Works like crazy.

But as a nonprofit ages and expands, it develops its own programs, approach, and expertise.  It develops an organizational ego.

In a nutshell, this results in fundraising that talks more about the organization itself than it used to.  The recipe changes to:

  • They talk about the work they are already doing
  • They describe how they do that work
  • They ask the donor to give a gift to fund their ongoing work

This fundraising recipe does not raise as much money.  It lowers donors’ awareness about whatever “need” the organization exists to serve because “the situation” is rarely mentioned.  And it lowers response rates and average gifts because the fundraising is mainly focused on work that has already been completed – most of the compelling reason to give a gift today has disappeared.

I don’t enjoy this truth, but it’s still true: fundraising to individual donors that talks about “powerful work that’s already done” will cause less money to come in than talking about “powerful work that needs to be done now that the donor can help make happen.”

Organizations that stick to the original recipe will grow faster.

Individual donors tend to give because there’s work that needs to be done.  Not because the organization is already doing the work.



Quick story.

A few years ago I wrote a letter for a large, national organization you know the name of.

The letter was a huge success – it doubled the number of gifts they projected, and the average gift was higher than expected, too.

The President of the organization was pleased with the letter’s performance… and thought it would have raised even more if it was more in his voice.  So he wrote the letter the following year. 

His letter brought in half the number of gifts. 

The president is a very smart person and a great public speaker.  But his communication style – his “voice” – was not effective in direct mail.

There’s no judgment here; there’s absolutely nothing wrong with his voice.  But no one voice is always the best voice for all contexts.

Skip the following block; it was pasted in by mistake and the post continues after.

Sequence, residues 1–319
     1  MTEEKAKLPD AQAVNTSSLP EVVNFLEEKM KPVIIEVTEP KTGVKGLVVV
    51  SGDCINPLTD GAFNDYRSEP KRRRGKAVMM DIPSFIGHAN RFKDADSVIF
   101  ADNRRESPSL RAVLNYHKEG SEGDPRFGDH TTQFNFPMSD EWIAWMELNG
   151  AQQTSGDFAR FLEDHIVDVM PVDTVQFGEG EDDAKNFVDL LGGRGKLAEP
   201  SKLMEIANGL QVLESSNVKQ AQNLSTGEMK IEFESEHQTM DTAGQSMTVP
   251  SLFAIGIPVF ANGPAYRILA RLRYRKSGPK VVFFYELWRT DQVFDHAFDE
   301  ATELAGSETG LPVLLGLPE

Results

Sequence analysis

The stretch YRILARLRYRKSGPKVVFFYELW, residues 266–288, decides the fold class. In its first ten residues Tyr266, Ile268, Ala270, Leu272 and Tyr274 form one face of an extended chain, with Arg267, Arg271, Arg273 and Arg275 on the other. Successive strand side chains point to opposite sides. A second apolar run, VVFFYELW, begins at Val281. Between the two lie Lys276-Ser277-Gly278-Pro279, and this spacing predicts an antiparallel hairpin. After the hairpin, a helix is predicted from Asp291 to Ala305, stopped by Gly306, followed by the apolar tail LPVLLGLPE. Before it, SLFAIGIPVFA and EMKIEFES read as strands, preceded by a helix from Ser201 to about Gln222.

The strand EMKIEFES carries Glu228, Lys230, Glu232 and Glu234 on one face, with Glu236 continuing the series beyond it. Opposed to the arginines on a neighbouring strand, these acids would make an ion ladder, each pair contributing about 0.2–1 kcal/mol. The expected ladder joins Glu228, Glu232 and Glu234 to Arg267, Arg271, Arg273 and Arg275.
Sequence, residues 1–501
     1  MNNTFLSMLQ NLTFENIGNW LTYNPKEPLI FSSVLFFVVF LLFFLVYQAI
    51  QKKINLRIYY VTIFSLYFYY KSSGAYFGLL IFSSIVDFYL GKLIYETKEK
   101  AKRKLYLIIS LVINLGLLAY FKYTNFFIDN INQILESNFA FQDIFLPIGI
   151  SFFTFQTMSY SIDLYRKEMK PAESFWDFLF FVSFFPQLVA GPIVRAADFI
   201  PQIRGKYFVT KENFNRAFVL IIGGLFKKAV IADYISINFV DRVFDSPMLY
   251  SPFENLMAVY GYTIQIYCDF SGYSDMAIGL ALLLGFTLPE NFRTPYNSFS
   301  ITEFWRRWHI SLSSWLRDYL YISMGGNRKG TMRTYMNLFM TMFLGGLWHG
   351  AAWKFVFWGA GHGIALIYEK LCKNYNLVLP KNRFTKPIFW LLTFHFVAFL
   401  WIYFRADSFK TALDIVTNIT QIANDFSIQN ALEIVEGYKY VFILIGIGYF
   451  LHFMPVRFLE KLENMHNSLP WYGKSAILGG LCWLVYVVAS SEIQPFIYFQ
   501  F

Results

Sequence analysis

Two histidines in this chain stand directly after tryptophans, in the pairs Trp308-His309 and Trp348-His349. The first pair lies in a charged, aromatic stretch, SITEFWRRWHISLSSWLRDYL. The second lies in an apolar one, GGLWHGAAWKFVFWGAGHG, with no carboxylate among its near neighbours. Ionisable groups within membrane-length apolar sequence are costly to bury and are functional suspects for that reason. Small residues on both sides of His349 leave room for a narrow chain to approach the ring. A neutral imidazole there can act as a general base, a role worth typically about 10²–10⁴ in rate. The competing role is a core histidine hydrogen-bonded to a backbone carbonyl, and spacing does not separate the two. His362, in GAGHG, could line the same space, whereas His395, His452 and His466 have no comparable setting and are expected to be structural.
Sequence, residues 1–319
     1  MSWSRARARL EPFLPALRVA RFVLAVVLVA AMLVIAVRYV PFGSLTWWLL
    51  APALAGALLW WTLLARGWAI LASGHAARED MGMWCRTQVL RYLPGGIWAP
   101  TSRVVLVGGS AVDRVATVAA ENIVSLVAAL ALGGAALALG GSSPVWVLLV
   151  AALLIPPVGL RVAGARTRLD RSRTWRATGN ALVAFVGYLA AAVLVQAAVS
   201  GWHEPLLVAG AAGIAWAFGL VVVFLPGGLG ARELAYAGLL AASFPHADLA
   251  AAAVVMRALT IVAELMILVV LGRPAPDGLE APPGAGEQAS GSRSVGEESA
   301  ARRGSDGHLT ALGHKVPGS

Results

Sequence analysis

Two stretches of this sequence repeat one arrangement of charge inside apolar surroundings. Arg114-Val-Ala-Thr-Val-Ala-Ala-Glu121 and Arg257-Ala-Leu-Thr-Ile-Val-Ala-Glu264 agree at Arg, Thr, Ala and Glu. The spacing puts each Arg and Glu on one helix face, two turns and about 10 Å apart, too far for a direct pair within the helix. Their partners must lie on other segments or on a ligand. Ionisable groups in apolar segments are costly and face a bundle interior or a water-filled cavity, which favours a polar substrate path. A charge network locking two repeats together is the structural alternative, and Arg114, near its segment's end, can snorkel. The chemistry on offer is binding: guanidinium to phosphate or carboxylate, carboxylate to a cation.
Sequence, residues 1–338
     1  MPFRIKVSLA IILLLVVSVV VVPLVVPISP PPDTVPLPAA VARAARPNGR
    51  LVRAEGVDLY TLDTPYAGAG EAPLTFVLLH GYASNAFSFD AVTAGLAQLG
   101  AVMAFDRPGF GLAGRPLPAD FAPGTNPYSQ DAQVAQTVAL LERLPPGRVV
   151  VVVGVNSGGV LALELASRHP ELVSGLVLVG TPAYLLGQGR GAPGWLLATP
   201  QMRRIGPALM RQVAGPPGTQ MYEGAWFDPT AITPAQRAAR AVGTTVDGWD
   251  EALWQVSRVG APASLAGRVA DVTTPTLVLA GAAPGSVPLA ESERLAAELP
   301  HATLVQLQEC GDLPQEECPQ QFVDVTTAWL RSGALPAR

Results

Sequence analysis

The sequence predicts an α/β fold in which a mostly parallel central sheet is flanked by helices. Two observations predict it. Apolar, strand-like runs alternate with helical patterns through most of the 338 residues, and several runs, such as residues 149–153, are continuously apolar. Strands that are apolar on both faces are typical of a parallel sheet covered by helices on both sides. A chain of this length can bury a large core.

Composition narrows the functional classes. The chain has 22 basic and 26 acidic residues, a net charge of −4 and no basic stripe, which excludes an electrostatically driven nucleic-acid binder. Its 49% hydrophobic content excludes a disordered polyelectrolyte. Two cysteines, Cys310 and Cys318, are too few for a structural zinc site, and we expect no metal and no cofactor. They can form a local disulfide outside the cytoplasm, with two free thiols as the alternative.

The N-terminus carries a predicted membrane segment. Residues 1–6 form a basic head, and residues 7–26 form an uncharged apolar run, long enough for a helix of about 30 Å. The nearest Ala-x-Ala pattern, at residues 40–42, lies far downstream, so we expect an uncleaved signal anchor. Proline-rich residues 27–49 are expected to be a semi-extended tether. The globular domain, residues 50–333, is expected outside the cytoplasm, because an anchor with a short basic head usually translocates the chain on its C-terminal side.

Quick common example: an organization decides that as part of their voice they will always describe their beneficiaries with one particular phrase, and that phrase is highly academic.  That phrase is perfectly appropriate in a grant application to a foundation with subject-matter expertise.  However, in a fundraising email to individual donors who don’t immediately know what the phrase means, the phrase will usually cause the organization to raise less money.

A nonprofit’s “voice” needs to be flexible enough to be modified for whatever context it’s communicating in.  To be most effective, a speech to a state legislature should sound a little different than a direct mail letter to individual donors, which in turn should sound a little different than a grant application.

If your Executive’s voice, or your brand voice, isn’t flexible enough to be adapted to meet the requirements for success in whatever context you’re communicating in, slavishly following any voice is costing you more than it’s helping you.

If you use the appropriate voice for each context, instead of using the same voice in every context, you will raise more money.

Fundraising in the 2024 Election Year – The Year-End Rally

Year-end 2024.

We’ve talked about what to do The Noisy Spring, The Summer Slump, and The Election Storm.

Today we’ll show you how to have a strong year-end AFTER the election dust settles (mid-November – December).

The Year-End Rally

A few days after the election, donors will be ready to refocus their attention and their philanthropic priorities.

There will be a rally.

But you need to be ready to hit the ground running.  The election will have taken almost the entire fall.  And Thanksgiving is late this year, which means there’s a week less of the prime giving season between Thanksgiving and New Year’s. So the Saturday or Sunday after Election Day is GO TIME.

Here’s your “after election” game plan to have a successful year-end campaign:

  1. Launch targeted year-end campaigns that tap into your donors’ desire to make the world a better place with their year-end giving.
  2. Your campaign will work best if you use themes and emotions that are likely to resonate with donors post-election (unity, hope, the importance of your mission) AND make it clear that there’s work to be done and the donor’s help is needed.
  3. For major donors, talk about the transformational impact of their gift. They’ve spent the last few months hearing a lot of negative political discourse – counter that by asking them to make big, positive change in the lives of your beneficiaries or in the communities you work with.
  4. Consider adding a gift catalog to your year-end fundraising campaign. Donors love gift catalogs because they don’t feel like fundraising. If you do international or mission work, a gift catalog is as close to a slam dunk as there is in fundraising. Because they’re somewhat time-intensive to create, use the quieter summer months to create one.